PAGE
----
The fishing along the San Diego County coast has been good for a mix of calico bass, barracuda, sand bass and rockfish along with an occasional bonus yellowtail, white seabass or halibut. Recent days have brought change though with the water temperatures falling into the low to middle 60’s at the Point Loma Kelp Beds and La Jolla. The water had been up over 70 degrees in those areas and the sudden drop in temperature slowed down what had been good fishing for calico bass along with an occasional flurry of yellowtail or barracuda action. With the slowdown in the calico bass fishing, some boats have turned to fishing hard bottom areas for rockfish until the water conditions stabilize and the kelp bed fishing rebounds.
Anglers are hopeful that the water in the Point Loma and La Jolla region will warm up again quickly. Prior to the sudden drop in water temperature, La Jolla had been providing the best chance at a yellowtail. The kelp beds at the lower end of La Jolla was an area where an occasional yellowtail was being caught while fishing a short way above the MLPA closure zone.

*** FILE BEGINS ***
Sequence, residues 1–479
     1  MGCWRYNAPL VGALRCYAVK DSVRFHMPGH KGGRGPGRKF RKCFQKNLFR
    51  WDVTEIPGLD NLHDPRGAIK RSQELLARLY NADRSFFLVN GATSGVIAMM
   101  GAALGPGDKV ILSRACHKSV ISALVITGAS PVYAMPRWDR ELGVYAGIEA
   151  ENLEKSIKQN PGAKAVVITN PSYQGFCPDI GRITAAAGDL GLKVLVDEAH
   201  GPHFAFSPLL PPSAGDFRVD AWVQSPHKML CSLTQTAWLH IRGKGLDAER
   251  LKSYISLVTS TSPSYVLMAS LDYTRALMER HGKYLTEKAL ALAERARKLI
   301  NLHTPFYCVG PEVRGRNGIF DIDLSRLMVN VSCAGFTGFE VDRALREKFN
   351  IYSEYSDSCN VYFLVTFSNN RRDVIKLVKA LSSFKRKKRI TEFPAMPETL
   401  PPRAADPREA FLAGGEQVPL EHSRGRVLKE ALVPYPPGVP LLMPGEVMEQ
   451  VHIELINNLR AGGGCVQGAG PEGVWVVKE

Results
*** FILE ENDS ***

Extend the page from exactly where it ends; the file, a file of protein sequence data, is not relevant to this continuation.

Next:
The calico bass fishing remains good in north San Diego County waters with kelp bed areas between Carlsbad and Solana Beach producing good action. The kelp beds outside of the Barn have also been producing good numbers of calico bass. The Box Canyon area has also been a productive zone for those targeting rockfish. Capt. Joe Cacciola of Sea Starwith Sea Star Sportfishing and the Oceanside Sea Center reported that they had been seeing a steady supply of 5.5- to 6-inch sardines in their bait supply which were working well for the calico bass. Cacciola’s report was that Hookup Baits plastics were also working well for both calico bass and sand bass.
The summer fishing season is progressing nicely, and anglers have a lot of fun fishing to choose from be it offshore, at the local Islands or along the coast. I hope and pray that you continue to stay healthy, safe and sound. Keep on fishing and I hope to see you out on the water sometime soon!
Bob Vanian is the voice, writer and researcher of the San Diego-based internet fish report service called 976-Bite which can be found at www.976bite.com. Vanian also provides anglers with a personal fish report service over the telephone at (619) 226-8218. He always welcomes your fish reports at that same phone number or at firstname.lastname@example.org.